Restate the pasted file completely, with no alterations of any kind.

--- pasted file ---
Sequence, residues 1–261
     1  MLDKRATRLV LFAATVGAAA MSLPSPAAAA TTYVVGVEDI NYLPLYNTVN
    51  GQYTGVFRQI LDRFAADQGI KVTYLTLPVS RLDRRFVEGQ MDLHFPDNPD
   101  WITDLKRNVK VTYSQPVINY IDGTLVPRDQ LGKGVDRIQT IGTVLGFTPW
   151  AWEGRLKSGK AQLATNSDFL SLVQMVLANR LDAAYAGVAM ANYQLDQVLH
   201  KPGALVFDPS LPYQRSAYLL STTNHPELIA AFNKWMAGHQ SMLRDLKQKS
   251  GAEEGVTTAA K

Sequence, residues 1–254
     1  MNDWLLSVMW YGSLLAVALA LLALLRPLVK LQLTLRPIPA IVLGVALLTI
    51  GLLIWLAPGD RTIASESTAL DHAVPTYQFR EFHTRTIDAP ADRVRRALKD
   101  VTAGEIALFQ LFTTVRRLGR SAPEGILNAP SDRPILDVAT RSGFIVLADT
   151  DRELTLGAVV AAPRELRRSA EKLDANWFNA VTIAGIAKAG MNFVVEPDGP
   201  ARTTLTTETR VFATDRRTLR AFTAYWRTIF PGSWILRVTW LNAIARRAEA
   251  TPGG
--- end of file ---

Sequence, residues 1–261
     1  MLDKRATRLV LFAATVGAAA MSLPSPAAAA TTYVVGVEDI NYLPLYNTVN
    51  GQYTGVFRQI LDRFAADQGI KVTYLTLPVS RLDRRFVEGQ MDLHFPDNPD
   101  WITDLKRNVK VTYSQPVINY IDGTLVPRDQ LGKGVDRIQT IGTVLGFTPW
   151  AWEGRLKSGK AQLATNSDFL SLVQMVLANR LDAAYAGVAM ANYQLDQVLH
   201  KPGALVFDPS LPYQRSAYLL STTNHPELIA AFNKWMAGHQ SMLRDLKQKS
   251  GAEEGVTTAA K

Sequence, residues 1–254
     1  MNDWLLSVMW YGSLLAVALA LLALLRPLVK LQLTLRPIPA IVLGVALLTI
    51  GLLIWLAPGD RTIASESTAL DHAVPTYQFR EFHTRTIDAP ADRVRRALKD
   101  VTAGEIALFQ LFTTVRRLGR SAPEGILNAP SDRPILDVAT RSGFIVLADT
   151  DRELTLGAVV AAPRELRRSA EKLDANWFNA VTIAGIAKAG MNFVVEPDGP
   201  ARTTLTTETR VFATDRRTLR AFTAYWRTIF PGSWILRVTW LNAIARRAEA
   251  TPGG